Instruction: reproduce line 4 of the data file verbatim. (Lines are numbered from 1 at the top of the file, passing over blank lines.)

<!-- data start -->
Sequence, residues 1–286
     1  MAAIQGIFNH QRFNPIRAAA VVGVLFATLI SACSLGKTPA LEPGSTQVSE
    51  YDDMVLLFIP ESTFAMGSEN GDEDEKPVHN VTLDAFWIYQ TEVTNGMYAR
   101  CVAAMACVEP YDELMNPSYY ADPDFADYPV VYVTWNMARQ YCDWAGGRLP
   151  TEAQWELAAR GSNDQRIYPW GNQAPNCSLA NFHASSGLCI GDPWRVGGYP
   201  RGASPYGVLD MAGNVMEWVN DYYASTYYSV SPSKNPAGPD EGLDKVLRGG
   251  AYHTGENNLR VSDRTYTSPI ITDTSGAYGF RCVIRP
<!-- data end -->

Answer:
   101  CVAAMACVEP YDELMNPSYY ADPDFADYPV VYVTWNMARQ YCDWAGGRLP